Disappointment, anger, confusion over new COVID-19 restrictions on indoor activities

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Disappointment, anger, confusion over new COVID-19 restrictions on indoor activities


British Columbia’s restaurants, church groups and group gyms are moving from opening to closing of some services and activities until April 19 after the province’s health officials announced new restrictions for stop the increase in COVID-19 infections.
Provincial health officer Dr Bonnie Henry said on Monday the province recorded 2,518 new cases of COVID-19 in the past three days, with a record 936 on Saturday.

To combat this growth, B.C.’s struggling restaurant industry is banned from serving food and drink indoors to customers, but customers are allowed to purchase take-out and dinner on the patios.

The B.C. government says breweries that serve appetizers and snacks – but not full meals – will have to shut down entirely unless the company arranges for the food to be consumed on a patio through partnerships with food trucks or restaurants.

No warning given

Main Street Brewing co-owner in Vancouver, Cameron Forsyth, said he was “numb” after hearing the news.

Forsyth said he understands changes need to be made due to the increase in COVID-19 infections, but he’s disappointed that a warning has not been given to businesses.

“My first reaction was that letting us know on closing day just doesn’t work for anyone. We have spoiled food, we have people, ”Forsyth said.

Jambo Grill owner Nash Mawani believed his restaurant had survived the worst of the pandemic after spending the past nine months trying to recover financially from the province’s first round of closures last year.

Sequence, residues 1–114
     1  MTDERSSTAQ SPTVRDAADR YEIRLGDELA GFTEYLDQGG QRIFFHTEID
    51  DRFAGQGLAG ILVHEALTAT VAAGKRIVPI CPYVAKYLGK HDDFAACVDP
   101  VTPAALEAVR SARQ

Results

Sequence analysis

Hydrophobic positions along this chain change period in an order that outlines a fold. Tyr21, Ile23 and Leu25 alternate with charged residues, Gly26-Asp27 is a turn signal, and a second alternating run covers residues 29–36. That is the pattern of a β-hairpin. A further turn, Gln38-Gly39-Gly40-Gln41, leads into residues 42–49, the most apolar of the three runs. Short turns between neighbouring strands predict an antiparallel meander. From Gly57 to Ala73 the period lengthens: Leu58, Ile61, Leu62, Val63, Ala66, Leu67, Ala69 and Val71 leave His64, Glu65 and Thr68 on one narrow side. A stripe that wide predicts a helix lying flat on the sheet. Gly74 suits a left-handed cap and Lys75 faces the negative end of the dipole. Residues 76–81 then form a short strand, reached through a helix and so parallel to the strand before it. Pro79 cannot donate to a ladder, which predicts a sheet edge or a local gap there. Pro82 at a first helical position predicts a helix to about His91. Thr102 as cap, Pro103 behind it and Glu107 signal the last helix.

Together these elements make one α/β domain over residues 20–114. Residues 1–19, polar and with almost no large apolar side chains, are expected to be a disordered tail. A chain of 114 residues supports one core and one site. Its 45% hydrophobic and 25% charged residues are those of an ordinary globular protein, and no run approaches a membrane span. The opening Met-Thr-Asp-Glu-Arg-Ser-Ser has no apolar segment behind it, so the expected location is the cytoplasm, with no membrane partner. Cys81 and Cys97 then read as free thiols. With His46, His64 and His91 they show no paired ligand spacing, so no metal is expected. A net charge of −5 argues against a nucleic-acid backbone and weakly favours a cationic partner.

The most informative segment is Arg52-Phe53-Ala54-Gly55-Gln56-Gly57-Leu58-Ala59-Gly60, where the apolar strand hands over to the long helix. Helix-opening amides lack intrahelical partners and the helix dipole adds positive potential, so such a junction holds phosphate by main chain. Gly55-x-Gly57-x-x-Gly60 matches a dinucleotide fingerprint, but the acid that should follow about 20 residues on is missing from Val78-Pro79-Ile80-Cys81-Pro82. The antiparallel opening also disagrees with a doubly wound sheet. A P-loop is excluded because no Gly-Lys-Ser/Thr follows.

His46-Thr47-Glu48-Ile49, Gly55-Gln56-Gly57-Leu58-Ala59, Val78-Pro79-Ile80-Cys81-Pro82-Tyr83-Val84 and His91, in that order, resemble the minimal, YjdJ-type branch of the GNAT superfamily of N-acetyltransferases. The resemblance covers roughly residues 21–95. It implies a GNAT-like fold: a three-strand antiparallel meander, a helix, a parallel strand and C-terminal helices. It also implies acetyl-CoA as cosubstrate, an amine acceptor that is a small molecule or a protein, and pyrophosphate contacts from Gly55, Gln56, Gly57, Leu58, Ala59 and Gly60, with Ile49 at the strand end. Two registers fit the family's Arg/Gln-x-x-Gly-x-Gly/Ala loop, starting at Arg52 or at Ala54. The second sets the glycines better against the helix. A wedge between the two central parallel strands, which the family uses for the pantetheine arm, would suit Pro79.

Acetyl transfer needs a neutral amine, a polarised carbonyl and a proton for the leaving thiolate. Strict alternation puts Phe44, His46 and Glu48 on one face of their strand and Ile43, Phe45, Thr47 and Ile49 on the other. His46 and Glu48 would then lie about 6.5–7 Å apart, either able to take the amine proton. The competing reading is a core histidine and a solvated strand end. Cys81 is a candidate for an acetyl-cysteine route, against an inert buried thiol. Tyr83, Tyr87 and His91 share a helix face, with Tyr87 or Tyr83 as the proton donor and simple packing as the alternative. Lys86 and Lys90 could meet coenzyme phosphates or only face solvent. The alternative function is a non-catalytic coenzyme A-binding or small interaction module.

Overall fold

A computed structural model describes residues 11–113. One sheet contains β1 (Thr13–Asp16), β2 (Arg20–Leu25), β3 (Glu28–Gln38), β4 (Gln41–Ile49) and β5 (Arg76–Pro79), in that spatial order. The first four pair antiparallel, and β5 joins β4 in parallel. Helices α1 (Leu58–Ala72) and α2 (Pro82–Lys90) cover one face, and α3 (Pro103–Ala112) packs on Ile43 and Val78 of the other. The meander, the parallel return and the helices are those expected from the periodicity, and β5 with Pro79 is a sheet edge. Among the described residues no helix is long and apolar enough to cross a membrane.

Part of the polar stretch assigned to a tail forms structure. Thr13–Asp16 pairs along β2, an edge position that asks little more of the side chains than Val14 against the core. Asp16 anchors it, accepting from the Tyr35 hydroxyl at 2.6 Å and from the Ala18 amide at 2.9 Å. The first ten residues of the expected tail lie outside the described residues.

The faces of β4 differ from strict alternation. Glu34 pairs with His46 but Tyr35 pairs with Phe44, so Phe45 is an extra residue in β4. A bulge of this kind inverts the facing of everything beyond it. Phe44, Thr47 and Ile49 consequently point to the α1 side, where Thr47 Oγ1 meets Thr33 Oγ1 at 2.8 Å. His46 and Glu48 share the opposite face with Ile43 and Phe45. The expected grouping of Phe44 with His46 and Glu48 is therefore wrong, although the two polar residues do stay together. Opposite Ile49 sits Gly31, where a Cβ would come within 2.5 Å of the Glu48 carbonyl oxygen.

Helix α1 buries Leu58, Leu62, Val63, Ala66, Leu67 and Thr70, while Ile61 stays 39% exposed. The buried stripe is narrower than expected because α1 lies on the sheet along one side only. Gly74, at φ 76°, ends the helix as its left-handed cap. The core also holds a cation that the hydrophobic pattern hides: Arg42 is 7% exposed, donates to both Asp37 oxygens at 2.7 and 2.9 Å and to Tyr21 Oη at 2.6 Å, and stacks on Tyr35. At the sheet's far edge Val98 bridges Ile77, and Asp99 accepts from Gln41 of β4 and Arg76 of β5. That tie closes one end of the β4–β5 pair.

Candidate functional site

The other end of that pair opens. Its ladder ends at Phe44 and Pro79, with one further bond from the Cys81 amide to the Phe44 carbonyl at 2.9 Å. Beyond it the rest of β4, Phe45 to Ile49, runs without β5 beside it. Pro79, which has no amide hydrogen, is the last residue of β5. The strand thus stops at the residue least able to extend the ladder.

“We’re not going to make any money, but we’re going to maintain the service. I don’t mind going through this as long as we are safe, ”Mawani said.

Indoor group fitness for adults is also temporarily banned under the new restrictions, but gyms and fitness centers are allowed to operate and offer individual personal training.

Whistler Blackcomb Ski Resort Closure

Provincial health officials also announced on Monday that the resort town of Whistler Blackcomb will be closed until April 19 to limit the spread of the community after a spike in infections after spring break and growing concerns over unauthorized travel. essential.

The British Columbia government has ordered the Whistler Blackcomb ski resort to close until April 19 to stop the spread of the COVID-19 virus as the number of infections rises. (Eric Foss / CBC)

“Today’s order from the Province of British Columbia to shut down Whistler Blackcomb came as a surprise and we are respecting the decision and taking immediate action to comply,” Resort CEO Geoff Buchheister said in a statement. communicated.

Whistler Mayor Jack Crompton said the community should follow the advice of health officials.

“While this is extremely devastating and sad, our community must continue to focus on slowing the spread of COVID and moving to the other side of this pandemic. Crompton said.

Crompton explained that the resort community will need continued financial assistance from the provincial and federal governments as the restrictions will keep tourists away.

Inner church services backtracked

Meanwhile, some religious leaders are baffled by messages from provincial health officials, and others angry, after a gap introduced last Thursday to allow limited indoor gatherings of 50 people or fewer over the next six weeks has been suspended.

Father Pablo Santa Maria of Holy Rosary Cathedral in downtown Vancouver said the church has spent several hours organizing upcoming religious events, including Good Friday.

“For us disappointment and anger, because, I mean, we have already started to prepare,” said the priest.

“We were adding services and preparing volunteers and staff so that we could be open during those days and do it safely,” he said.

Administrator Haroon Khan of the Al Jamia Masjid Mosque in Vancouver said he was in favor of the suspension of indoor activities being implemented in the same way for church services and businesses.

“It’s disappointing, but at the same time, we don’t want to endanger anyone. It’s a circuit breaker, so to speak, that they’re trying to put in place at all levels, which would affect restaurants and other places of gathering and gathering as well as places of worship. ”



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